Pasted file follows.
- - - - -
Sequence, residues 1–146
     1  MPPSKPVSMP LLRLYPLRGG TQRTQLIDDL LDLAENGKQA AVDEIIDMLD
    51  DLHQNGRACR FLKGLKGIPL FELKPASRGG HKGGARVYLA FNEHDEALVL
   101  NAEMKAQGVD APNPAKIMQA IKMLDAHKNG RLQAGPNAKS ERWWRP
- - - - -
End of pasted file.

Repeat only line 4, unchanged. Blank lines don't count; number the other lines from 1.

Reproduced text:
   101  NAEMKAQGVD APNPAKIMQA IKMLDAHKNG RLQAGPNAKS ERWWRP